When you own a business with a partner, your divorce will impact that person too. Of course, if you have a carefully crafted Premarital Agreement along with a solid shareholder agreement, your path will be much easier. If you don’t however, you may need to be prepared for a complicated road ahead. At Alternative Divorce Solutions, we believe that mediation can remove a lot of the risks that go along with divorce when a business is involved.
– Using mediation saves you time. This gives you more time to spend working at your business. Any time spent in court is time you could use in a more valuable way.
– Using mediation preserves your emotional resources. There is nothing worse than being a stressed out shadow of yourself. It is unrealistic to expect that going to court to fight for your business won’t cause your performance at work to suffer.
– Mediation is less costly. Even if a professional business appraiser or neutral forensic accountant is used in your mediation, it will still be less expensive than hiring two or more experts in litigation. In addition, depending on the value of your business, litigating may cost more than what the business is worth.
Before I get into the options for business owners, I would like to point out the ways that issues arise when there is a business involved:
– Both spouses have owned and operated a business together during their marriage;
– One spouse has owned and operated a business during the marriage;
– One spouse owned a business prior to marriage and continued to operate it during the marriage (and there has been a change in value since the date of marriage); and
– Because there is a need for child and/or spousal support, we need to figure out a self employed spouse’s income.
In litigation, these issues are resolved through a drawn out process that involves court intervention, expert witnesses, and expensive reports. In mediation, however, we resolve these issues by negotiating through them in a peaceful and respectful manner. There still may be the need for a business valuation or forensic accounting, but we use one neutral expert who works alongside both spouses instead of hiring opposing experts who may have different views. This helps to provide the information the couple needs to make a decision without adding any unnecessary conflict to the process.
In mediation, here are the options you will have to consider:
– The “Buy Out”: Here, one spouse retains all of the interest in the business. As a result, he/she must buy the other spouse out of his/her interest in the business. For example, if Bob owns 100% of his business, he will have to pay his Wife Sally the equivalent value of 50% of that business. In mediation, Bob and Sally can decide where that money will come from. They can use cash, or can trade the 50% ownership interest for another asset. Our team at Alternative Divorce Solutions will help the couple lay out and evaluate their options.
Benefits of a buy out: The buy out is a clean break for both spouses and will eliminate potential conflict associated with co-managing the business moving forward.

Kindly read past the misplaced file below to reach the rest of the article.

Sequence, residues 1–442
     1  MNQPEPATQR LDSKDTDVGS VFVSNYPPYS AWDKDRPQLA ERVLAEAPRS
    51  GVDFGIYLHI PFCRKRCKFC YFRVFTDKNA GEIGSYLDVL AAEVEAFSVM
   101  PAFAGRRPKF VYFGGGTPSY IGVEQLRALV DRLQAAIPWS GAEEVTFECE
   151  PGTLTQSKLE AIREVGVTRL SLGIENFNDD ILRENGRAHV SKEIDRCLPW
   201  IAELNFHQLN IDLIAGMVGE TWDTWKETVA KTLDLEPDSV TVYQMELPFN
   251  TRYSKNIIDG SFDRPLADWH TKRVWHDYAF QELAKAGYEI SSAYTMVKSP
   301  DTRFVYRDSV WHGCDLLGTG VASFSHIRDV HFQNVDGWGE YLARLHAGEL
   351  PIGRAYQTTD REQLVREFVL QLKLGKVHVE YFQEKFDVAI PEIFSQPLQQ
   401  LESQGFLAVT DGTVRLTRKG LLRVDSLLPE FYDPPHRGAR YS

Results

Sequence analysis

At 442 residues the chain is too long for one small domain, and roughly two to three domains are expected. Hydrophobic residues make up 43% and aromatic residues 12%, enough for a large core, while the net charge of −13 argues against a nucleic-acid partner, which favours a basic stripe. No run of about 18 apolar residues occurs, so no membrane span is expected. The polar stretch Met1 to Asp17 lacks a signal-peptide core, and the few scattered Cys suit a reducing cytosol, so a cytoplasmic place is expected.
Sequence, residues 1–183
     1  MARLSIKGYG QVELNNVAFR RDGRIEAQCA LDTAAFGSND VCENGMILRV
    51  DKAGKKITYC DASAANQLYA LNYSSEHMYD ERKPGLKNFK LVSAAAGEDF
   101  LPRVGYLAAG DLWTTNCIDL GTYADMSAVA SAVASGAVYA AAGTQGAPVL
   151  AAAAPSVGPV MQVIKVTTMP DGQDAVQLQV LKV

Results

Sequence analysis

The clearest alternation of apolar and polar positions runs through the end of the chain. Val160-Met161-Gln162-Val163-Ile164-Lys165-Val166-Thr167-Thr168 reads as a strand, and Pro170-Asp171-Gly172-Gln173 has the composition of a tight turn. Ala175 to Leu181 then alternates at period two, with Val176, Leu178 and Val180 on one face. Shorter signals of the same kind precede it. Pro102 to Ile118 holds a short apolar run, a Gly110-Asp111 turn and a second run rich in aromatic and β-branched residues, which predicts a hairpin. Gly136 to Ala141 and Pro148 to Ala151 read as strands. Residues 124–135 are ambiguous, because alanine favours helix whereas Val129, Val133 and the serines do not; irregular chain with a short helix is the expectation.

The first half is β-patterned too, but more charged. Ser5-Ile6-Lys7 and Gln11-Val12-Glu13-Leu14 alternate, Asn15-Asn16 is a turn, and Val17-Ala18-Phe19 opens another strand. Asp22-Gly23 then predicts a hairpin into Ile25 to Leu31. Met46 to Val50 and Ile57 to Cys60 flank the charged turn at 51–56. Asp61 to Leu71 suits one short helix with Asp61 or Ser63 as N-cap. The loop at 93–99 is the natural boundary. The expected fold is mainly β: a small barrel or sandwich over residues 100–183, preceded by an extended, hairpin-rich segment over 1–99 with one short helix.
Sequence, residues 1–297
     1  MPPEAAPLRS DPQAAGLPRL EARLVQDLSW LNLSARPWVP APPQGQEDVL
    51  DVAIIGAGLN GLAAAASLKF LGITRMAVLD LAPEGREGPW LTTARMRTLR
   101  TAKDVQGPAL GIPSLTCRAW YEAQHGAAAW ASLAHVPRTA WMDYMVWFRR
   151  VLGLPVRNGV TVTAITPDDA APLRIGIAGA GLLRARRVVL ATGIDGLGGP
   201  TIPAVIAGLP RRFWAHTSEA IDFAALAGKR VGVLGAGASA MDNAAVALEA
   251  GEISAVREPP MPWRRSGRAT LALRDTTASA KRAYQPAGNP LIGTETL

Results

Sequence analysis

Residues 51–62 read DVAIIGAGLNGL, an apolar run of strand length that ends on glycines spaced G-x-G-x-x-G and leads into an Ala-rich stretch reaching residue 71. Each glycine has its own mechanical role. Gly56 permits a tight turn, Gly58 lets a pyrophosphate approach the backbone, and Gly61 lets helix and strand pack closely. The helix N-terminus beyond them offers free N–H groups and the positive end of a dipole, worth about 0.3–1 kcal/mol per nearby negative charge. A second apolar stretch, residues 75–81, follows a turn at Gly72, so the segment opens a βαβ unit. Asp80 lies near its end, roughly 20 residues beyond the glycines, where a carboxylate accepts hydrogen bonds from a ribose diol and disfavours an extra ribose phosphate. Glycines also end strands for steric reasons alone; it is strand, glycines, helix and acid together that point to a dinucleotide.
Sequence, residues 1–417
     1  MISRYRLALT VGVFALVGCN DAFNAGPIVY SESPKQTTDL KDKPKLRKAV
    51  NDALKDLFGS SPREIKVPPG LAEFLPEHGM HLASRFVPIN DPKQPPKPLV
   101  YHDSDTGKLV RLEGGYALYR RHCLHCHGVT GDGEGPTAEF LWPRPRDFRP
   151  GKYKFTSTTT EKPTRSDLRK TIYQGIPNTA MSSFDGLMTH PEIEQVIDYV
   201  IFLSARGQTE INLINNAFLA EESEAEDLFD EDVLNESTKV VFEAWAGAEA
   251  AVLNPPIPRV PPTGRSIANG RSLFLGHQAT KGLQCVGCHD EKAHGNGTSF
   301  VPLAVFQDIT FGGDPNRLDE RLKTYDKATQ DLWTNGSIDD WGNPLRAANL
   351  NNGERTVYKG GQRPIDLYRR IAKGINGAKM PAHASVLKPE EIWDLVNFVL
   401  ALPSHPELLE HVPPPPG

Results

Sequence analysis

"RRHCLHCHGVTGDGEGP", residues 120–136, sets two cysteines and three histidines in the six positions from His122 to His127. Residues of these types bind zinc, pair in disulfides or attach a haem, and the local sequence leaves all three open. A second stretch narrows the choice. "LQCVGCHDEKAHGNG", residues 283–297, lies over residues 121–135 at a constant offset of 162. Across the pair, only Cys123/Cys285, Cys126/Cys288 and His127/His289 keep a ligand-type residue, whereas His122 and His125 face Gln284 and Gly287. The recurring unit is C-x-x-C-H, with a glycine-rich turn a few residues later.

Caution: This option could be problematic if there are no funds available for the buy out. In addition, to ensure a fair deal, there will probably be a valuation performed.
– Continue Joint Ownership: If you and your spouse have always been successful at operating the business together, you can still do this after your divorce. You will, however, want to make sure that you have a solid partnership/shareholder agreement in place to protect you from potential future conflict.
Benefits of Joint Ownership: Here, since you will continue to own the business together, a valuation is probably not necessary. In addition, you and your spouse will not need to worry about changing careers along with the other transitions you are facing.
Caution: This option will not work in a high-conflict divorce. This type of animosity will find its way into the business and can create risk.
– Sale to a 3rd Party: If neither one of you wants to continue on owning the business, you can always choose to sell it to an independent third party.
Benefits of sale to a third party: This is also a clean break for you and your spouse. In addition, it should give each one of you some money to start over with a clean slate.
Caution: Sometimes, selling a business takes time. Don’t move forward with a fire sale just because you want closure from your relationship.
Now that we have covered the options for negotiating ownership of your business, we should also discuss how to determine the income of a self employed spouse during divorce. Keep in mind, this calculation can be tricky. Even if a self employed spouse receives W-2 income from his/her business, it is still possible that there is more income because of personal expenses being paid by and through the business. In mediation, the solution to this problem is typically pretty straight forward. The spouses either agree on what the monthly income is (if they are both educated about the business enough to do so), or we bring in a neutral forensic accountant to determine this figure for the spouses. The forensic accountant does not perform any intrusive evaluations that would disrupt the daily business operations. Instead, he/she will look at the company’s financials, as well as the business owner’s personal finances to determine what expenses should be “added back” as income. This helps the couple resolve any issues relating to support, while still keeping them out of court!